Delta schools will negotiate with interim superintendent

Delta School Board members have suggested a temporary solution for filling the district’s top job.

They announced Saturday their intention to negotiate a contract with current Delta School District 50J Interim Superintendent Jerre Doss to serve as superintendent for one year. His term would begin July 1 and end June 30, 2013.

The board began searching for a new superintendent after former superintendent Mike McMillan resigned in January. Twenty people applied. Three applicants were interviewed in April: Redlands Middle School Principal Kelly Reed, Wise, Va. superintendent Jeff Perry, and Corey Doss, Jerre Doss’ son and superintendent of Mountain Valley School District.

The board picked a favorite,  but that person withdrew his name from consideration. The board decided the other two were not the best fit for the job, according to board President Tom Mingen, who declined to name the favored candidate.

Plans were announced last month to hire an assistant superintendent to help in the administration office. Mingen said the board wants to wait until later in 2012 to re-start the search for a permanent superintendent because members believe there will be a larger pool of candidates at that time. Mingen said it may be difficult to find quality candidates in early May because most start work in July and have jobs lined up by this time.

The district will soon seek a new human resources director as well, according to a press release from the district.

Garfield County is coming under increasing scrutiny over whether it violated Colorado’s open meetings law when its commissioners met in a closed-door meeting about oil shale March 27 in Vernal, Utah.

Two watchdog groups, Colorado Common Cause and the Checks and Balances Project, have questioned the county’s actions in the meeting and are also more broadly criticizing the secret nature of the meeting, attended by county officials from Colorado, Wyoming and Utah. The meeting led to a draft resolution counties later adopted that lambasted the Bureau of Land Management for its proposal to sharply reduce acreage potentially available for commercial oil shale leasing.

Garfield County is drawing particular attention because all three of its commissioners attended. That constitutes a quorum and has raised questions over whether the Vernal event constituted an official Garfield meeting requiring advance public notice, and whether the commissioners had the legal right to meet behind closed doors.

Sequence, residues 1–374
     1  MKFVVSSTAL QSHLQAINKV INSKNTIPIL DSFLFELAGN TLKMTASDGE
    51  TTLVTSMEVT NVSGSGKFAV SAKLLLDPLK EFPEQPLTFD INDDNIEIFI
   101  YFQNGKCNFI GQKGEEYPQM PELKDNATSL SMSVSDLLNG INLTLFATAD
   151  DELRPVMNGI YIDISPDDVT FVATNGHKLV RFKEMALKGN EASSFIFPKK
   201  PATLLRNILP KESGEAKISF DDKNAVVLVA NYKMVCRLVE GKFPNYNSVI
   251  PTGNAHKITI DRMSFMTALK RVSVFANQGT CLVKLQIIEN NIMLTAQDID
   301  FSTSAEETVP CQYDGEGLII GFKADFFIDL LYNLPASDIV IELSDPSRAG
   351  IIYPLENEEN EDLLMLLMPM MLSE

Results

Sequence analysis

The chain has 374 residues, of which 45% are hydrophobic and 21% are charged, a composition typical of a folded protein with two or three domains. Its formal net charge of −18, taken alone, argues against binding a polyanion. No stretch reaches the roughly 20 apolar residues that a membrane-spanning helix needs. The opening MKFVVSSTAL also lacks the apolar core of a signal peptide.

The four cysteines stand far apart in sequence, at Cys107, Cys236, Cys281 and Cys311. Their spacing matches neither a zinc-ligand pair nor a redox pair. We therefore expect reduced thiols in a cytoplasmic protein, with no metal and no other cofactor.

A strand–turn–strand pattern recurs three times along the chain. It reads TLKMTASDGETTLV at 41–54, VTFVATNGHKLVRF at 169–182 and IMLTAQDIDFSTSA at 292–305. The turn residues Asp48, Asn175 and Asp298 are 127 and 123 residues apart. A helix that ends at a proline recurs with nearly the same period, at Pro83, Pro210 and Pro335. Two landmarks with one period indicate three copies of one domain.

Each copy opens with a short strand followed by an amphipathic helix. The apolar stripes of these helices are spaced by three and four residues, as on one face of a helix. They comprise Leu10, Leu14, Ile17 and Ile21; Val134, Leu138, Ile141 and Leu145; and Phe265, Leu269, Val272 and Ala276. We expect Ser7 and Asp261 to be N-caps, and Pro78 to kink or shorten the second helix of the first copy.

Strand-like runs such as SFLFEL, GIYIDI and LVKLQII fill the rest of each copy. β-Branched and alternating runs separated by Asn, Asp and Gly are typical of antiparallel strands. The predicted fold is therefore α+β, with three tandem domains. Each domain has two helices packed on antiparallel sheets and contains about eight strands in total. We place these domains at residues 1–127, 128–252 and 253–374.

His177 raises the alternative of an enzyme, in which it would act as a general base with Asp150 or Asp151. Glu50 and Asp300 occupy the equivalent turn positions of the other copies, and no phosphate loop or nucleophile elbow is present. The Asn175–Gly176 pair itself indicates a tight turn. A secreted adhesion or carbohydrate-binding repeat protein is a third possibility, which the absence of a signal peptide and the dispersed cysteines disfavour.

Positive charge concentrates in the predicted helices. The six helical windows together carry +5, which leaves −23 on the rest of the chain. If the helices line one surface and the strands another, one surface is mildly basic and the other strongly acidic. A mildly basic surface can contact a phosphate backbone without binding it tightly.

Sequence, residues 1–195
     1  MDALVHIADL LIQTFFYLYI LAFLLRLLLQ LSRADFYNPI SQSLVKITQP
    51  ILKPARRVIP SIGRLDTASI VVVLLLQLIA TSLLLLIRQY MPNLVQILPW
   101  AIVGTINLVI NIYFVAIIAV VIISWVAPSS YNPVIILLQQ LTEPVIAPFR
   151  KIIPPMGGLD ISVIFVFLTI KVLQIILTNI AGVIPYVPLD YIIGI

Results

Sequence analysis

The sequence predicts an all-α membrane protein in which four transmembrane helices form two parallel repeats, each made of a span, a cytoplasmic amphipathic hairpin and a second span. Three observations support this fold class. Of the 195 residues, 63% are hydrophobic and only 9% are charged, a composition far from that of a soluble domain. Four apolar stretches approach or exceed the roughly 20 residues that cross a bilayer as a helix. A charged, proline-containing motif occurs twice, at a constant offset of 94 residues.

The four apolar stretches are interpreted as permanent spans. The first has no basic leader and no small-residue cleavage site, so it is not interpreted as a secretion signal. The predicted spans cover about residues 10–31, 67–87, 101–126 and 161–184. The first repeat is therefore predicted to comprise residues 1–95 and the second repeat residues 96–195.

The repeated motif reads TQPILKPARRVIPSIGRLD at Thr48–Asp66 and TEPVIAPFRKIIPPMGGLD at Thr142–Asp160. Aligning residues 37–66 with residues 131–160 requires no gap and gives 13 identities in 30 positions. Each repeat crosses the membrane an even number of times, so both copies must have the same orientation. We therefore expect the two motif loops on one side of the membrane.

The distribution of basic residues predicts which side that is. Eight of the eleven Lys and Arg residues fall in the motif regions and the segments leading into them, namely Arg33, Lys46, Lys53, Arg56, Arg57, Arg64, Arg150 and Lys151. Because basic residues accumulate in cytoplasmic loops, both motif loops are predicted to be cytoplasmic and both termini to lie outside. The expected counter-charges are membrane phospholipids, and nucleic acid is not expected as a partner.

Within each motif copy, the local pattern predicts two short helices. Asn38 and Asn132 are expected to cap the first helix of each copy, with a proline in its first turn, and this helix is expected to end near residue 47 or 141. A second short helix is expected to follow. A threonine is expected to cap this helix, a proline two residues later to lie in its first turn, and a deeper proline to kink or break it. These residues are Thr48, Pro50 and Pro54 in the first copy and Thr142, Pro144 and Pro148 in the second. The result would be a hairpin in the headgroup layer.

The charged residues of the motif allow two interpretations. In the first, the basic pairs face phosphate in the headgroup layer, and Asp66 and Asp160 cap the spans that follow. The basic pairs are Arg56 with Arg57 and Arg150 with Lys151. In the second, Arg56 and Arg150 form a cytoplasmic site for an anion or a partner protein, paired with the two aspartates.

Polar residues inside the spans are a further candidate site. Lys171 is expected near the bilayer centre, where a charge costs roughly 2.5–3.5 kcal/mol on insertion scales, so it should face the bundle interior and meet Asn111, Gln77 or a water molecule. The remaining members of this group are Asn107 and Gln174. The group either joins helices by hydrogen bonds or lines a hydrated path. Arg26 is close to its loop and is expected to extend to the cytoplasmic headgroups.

Garfield Commissioner John Martin said Monday that the three “went there for informational purposes.” But Matt Garrington, co-director of the Checks and Balances Project, told the commissioners that contrasts with Mesa County Commissioner Craig Meis having characterized the event as a political strategy meeting, and Uintah County, Utah, commissioners having called it a legal strategy session.

Colorado Common Cause last week filed requests for information related to the meeting in all three states, partly to find out who all participated. Meis said he was the only Mesa commissioner to attend the meeting, and only a commissioner apiece attended from Moffat and Rio Blanco counties. Had more than one Mesa commissioner attended, the county would have had to post the meeting in advance, he said.

He said the meeting began as informational, and as counties discovered they had similar views, they thought it would be good for the counties to independently consider resolutions. No decisions were made that day, Meis said.

Martin and Garfield County attorney Drew Gorgey noted that Garfield later adopted its resolution after a public meeting for which advance notice was given. Gorgey said he believes a meeting notice was issued for the March 27 meeting, but a copy of the notice hadn’t been found Monday.

Chris Beall, a Colorado attorney who focuses partly on open-meeting matters, said the Colorado Supreme Court has ruled that a meeting is subject to open meetings law if it involves a discussion of business over which a county has authority. That applies even if officials are attending someone else’s out-of-state meeting, he said.

If Garfield provided notice of the meeting, it acknowledged it was subject to Colorado open meetings law, Beall said. Then it would have had to publicly vote to meet in private, and would have needed a legal reason for doing so, when such a reason was lacking in this case, he said.


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